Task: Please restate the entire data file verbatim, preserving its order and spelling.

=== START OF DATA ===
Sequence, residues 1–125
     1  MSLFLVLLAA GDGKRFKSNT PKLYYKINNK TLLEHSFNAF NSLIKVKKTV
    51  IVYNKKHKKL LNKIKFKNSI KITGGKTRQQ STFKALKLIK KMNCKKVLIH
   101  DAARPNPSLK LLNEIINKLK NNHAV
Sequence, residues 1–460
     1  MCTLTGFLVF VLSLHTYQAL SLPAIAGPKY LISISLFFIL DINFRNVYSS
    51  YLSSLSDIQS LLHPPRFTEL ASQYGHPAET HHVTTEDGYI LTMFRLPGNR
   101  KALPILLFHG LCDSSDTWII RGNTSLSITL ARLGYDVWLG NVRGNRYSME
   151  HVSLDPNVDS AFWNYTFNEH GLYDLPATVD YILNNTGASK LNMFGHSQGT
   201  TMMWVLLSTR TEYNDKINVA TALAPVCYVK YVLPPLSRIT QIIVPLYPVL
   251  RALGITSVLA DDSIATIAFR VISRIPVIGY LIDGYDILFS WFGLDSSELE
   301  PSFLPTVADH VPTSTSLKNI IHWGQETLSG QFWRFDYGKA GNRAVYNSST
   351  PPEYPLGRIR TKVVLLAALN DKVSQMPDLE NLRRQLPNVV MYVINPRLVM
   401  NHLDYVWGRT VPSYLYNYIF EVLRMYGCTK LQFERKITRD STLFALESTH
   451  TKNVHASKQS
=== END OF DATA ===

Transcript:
Sequence, residues 1–125
     1  MSLFLVLLAA GDGKRFKSNT PKLYYKINNK TLLEHSFNAF NSLIKVKKTV
    51  IVYNKKHKKL LNKIKFKNSI KITGGKTRQQ STFKALKLIK KMNCKKVLIH
   101  DAARPNPSLK LLNEIINKLK NNHAV
Sequence, residues 1–460
     1  MCTLTGFLVF VLSLHTYQAL SLPAIAGPKY LISISLFFIL DINFRNVYSS
    51  YLSSLSDIQS LLHPPRFTEL ASQYGHPAET HHVTTEDGYI LTMFRLPGNR
   101  KALPILLFHG LCDSSDTWII RGNTSLSITL ARLGYDVWLG NVRGNRYSME
   151  HVSLDPNVDS AFWNYTFNEH GLYDLPATVD YILNNTGASK LNMFGHSQGT
   201  TMMWVLLSTR TEYNDKINVA TALAPVCYVK YVLPPLSRIT QIIVPLYPVL
   251  RALGITSVLA DDSIATIAFR VISRIPVIGY LIDGYDILFS WFGLDSSELE
   301  PSFLPTVADH VPTSTSLKNI IHWGQETLSG QFWRFDYGKA GNRAVYNSST
   351  PPEYPLGRIR TKVVLLAALN DKVSQMPDLE NLRRQLPNVV MYVINPRLVM
   401  NHLDYVWGRT VPSYLYNYIF EVLRMYGCTK LQFERKITRD STLFALESTH
   451  TKNVHASKQS